Become a Member

Get access to more than 30 brands, premium video, exclusive content, events, mapping, and more.

Already have an account? Sign In

Become a Member

Get access to more than 30 brands, premium video, exclusive content, events, mapping, and more.

Already have an account? Sign In


Ski Resort Life

What Lies Beneath


Get full access to Outside Learn, our online education hub featuring in-depth fitness, nutrition, and adventure courses and more than 2,000 instructional videos when you sign up for Outside+ Sign up for Outside+ today.

I’M NOT A THIEF, ALTHOUGH I TOOK A SKI PATROLLER’S MEDICAL SHEARS, BRENDAN’S season pass, and Sheila’s codeine prescription without their consent. I’m not a sun-fearing albino, despite the SPF 30 zinc oxide face protection crème in my hand. I’m not a girl (not in this life, anyway). There’s a perfectly good reason why I’m spending an inordinate amount of timeobserving the ponytail scrunchie and undersize pink goggles before me.

I’m an anthropologist.

What else would you call someone who investigates people by studying their cultural remains? Well, given that that’s precisely the job description of an archeologist, you’d call him an archaeologist. Okay, but archaeology is a branch of anthropology, the science of mankind. And I’m getting at that bigger idea—the science of skierkind—via archaeological anthropology. To be specific, I scavenge below chairlifts for stuff skiers drop.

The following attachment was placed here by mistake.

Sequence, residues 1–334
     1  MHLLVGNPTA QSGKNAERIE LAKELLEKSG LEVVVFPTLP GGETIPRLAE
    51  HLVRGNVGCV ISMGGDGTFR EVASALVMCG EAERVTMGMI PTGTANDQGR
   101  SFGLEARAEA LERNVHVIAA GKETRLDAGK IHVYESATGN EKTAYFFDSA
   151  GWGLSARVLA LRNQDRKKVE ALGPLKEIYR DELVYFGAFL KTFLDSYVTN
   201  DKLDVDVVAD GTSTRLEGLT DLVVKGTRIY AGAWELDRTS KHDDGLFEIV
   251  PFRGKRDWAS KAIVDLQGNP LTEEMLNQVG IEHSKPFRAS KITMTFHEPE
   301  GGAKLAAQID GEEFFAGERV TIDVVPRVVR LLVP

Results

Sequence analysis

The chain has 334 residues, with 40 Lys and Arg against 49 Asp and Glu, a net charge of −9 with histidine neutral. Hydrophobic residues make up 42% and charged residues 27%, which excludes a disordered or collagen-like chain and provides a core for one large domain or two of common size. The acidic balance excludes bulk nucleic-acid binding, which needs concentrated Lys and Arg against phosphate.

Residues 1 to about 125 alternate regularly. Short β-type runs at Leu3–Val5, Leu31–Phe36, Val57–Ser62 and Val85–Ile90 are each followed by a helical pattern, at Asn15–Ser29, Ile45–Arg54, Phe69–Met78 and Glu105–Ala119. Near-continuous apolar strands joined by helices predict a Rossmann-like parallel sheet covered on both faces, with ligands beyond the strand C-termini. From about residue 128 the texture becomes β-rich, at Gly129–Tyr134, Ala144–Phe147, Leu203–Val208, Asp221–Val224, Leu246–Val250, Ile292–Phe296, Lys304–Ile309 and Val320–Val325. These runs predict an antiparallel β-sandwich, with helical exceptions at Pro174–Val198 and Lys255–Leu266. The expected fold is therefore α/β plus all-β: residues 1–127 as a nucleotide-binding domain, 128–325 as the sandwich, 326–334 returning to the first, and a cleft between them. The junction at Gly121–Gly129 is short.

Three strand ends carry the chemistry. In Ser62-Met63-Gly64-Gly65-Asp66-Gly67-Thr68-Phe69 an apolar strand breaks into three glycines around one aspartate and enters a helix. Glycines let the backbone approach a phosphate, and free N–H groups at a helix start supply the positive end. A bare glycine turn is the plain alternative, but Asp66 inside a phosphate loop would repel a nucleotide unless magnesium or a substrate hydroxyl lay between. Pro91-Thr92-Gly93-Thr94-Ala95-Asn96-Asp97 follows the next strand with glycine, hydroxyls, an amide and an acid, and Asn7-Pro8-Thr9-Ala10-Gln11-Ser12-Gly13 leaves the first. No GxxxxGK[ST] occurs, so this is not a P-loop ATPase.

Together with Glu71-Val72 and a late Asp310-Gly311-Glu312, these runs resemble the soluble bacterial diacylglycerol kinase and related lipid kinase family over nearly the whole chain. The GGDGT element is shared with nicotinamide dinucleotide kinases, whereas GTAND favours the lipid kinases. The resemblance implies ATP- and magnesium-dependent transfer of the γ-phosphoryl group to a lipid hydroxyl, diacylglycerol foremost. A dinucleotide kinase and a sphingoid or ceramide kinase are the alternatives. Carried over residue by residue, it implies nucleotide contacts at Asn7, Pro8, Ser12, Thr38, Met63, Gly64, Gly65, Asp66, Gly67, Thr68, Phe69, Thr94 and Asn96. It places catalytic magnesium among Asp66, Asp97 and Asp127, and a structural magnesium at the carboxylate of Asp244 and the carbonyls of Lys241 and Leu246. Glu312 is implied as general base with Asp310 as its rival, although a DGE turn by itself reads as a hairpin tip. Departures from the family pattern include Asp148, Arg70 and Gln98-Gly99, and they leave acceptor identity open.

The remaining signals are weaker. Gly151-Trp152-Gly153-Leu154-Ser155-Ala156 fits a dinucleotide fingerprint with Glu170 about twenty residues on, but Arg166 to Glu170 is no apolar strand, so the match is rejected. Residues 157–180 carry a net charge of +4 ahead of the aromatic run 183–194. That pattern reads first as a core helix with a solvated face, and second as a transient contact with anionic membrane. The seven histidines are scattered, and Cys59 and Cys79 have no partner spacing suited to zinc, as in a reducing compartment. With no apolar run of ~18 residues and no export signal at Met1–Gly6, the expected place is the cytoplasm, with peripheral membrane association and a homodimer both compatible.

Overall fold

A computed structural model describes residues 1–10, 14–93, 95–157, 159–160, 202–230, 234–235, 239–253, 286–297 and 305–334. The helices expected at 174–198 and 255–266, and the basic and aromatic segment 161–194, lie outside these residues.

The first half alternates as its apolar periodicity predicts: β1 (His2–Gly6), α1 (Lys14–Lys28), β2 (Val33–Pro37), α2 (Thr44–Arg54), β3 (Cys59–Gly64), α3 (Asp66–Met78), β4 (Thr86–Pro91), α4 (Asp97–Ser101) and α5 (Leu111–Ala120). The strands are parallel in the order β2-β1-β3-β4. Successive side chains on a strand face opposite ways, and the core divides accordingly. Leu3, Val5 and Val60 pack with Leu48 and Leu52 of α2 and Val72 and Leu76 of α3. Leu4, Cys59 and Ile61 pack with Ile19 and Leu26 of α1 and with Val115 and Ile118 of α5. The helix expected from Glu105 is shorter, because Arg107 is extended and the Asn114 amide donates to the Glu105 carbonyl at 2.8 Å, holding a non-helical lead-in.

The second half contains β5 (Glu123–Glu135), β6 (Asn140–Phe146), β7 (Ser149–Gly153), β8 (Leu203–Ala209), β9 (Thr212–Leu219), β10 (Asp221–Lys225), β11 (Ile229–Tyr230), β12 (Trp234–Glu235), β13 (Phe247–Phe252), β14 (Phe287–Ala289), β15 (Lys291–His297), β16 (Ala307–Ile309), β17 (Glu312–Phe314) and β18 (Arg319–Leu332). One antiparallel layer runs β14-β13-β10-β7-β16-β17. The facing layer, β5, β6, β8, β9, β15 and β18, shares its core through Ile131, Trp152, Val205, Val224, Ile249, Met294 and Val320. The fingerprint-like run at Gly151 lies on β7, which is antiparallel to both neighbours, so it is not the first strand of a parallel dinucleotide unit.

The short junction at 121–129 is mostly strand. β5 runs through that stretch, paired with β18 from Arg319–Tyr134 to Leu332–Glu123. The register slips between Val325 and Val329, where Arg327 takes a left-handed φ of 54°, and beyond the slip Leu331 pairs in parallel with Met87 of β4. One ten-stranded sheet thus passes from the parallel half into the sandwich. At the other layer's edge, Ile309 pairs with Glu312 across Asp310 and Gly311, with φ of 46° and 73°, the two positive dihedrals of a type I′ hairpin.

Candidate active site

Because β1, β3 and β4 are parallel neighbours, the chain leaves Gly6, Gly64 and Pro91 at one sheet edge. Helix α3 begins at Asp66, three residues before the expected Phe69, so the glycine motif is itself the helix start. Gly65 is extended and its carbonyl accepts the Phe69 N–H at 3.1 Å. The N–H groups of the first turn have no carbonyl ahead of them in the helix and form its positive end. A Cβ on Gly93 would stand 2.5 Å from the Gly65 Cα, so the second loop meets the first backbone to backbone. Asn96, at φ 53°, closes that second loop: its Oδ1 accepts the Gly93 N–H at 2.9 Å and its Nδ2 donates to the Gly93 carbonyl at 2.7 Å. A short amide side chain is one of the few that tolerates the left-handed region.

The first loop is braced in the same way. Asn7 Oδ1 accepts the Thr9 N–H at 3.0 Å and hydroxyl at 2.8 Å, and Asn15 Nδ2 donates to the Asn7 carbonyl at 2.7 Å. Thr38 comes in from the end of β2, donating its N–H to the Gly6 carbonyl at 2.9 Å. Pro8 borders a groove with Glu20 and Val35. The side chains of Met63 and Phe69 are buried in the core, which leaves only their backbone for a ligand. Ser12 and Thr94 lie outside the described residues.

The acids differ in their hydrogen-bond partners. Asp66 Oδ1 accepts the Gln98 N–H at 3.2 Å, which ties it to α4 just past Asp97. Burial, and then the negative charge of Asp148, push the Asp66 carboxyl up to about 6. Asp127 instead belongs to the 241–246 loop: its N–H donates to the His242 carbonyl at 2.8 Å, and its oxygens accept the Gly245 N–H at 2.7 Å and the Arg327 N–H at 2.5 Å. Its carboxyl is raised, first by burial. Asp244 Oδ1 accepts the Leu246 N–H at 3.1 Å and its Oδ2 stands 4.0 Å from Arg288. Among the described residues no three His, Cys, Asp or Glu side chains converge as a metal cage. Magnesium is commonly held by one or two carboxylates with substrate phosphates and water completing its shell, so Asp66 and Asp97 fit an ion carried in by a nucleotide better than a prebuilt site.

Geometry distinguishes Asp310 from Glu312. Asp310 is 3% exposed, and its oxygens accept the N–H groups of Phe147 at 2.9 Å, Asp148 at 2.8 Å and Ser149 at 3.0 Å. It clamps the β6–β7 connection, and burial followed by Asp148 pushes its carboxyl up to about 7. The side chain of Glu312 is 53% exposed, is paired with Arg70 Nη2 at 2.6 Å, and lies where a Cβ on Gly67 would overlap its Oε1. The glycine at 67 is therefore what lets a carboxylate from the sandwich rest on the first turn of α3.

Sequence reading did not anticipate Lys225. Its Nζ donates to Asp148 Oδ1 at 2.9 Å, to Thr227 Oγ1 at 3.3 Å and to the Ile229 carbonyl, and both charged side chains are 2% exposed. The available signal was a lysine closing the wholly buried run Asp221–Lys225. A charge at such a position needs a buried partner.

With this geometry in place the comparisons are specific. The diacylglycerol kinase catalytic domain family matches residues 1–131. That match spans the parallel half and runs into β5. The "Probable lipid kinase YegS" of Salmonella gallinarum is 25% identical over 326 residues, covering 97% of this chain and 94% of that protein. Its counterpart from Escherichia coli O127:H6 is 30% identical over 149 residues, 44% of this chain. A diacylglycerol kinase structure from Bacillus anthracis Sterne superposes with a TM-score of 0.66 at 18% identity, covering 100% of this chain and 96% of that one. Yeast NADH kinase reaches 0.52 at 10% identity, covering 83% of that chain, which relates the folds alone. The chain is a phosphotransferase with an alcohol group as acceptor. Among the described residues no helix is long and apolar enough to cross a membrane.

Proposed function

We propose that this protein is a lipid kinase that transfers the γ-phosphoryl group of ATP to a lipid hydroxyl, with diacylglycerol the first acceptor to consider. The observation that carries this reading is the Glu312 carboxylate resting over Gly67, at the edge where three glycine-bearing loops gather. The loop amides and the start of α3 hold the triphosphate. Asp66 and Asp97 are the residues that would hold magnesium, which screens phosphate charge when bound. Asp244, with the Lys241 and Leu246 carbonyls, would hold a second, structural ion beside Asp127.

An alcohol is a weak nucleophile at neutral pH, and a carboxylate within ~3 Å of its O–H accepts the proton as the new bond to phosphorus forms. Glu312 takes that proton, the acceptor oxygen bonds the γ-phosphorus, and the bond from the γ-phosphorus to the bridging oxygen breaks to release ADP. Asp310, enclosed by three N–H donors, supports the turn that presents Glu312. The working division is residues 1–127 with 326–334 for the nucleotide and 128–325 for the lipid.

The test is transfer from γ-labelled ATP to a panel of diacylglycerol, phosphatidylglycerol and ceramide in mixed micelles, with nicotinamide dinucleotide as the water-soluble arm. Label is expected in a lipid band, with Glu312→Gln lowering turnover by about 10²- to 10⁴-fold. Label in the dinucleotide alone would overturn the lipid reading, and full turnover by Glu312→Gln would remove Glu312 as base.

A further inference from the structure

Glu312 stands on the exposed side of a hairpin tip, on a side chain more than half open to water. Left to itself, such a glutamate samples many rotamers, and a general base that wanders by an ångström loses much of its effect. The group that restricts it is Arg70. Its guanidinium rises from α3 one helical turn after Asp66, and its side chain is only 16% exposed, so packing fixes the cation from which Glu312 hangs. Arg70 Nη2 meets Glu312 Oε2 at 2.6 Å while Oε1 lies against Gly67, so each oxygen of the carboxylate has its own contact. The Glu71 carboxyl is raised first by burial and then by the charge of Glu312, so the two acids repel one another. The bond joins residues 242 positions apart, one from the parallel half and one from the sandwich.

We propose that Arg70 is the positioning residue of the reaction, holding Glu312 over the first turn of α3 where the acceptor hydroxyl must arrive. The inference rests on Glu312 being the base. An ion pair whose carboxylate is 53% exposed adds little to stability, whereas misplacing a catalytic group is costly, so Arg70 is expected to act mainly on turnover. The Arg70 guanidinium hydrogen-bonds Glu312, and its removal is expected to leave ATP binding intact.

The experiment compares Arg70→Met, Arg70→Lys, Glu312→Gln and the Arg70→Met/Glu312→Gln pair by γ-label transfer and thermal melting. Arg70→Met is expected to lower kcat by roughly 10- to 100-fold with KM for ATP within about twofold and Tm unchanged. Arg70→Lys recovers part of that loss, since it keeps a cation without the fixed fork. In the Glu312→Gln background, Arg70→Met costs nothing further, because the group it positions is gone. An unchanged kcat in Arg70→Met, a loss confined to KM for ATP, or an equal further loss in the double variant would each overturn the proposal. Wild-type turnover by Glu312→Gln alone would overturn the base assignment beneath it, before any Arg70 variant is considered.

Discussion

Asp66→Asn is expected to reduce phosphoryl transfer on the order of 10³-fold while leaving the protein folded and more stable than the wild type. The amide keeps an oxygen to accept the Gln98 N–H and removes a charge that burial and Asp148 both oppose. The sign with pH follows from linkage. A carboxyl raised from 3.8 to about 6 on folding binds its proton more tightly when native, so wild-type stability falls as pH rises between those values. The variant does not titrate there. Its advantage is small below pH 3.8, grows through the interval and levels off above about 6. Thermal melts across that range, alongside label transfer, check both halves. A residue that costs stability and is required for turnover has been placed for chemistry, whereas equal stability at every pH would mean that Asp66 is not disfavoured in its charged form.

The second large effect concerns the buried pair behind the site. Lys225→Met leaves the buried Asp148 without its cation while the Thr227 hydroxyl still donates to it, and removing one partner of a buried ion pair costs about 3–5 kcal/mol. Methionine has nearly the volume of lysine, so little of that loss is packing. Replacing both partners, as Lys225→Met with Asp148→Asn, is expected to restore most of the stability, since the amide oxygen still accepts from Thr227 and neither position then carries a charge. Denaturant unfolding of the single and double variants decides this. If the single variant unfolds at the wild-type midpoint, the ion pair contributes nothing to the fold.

And we drop a lot.

One day in mid June, in the name of science, mind you, I spent almost seven hours combing beneath the cables at Telluride ski area. I found a disintegrating—but not fast enough—biomass of facial tissue. (Thanks to lift-maze “sniffle stations, tissues are both free and easy—a classic combo for abuse.) We can’t hold on to water bottles, either. Among the obvious garbage, I found film, cosmetics, keys, liquor, pharmaceuticals, Oakley sunglasses, and an ancient hat pin commemorating Grand Targhee’s Peaked Express snowcat ride. The artifacts reflected a diverse community: Men and women, locals and tourists, geezers and youths, dirtbags and luxury time-share owners—they all passed through here, many of them lacking the rudimentary motor skills needed to retain possession of their lip balm.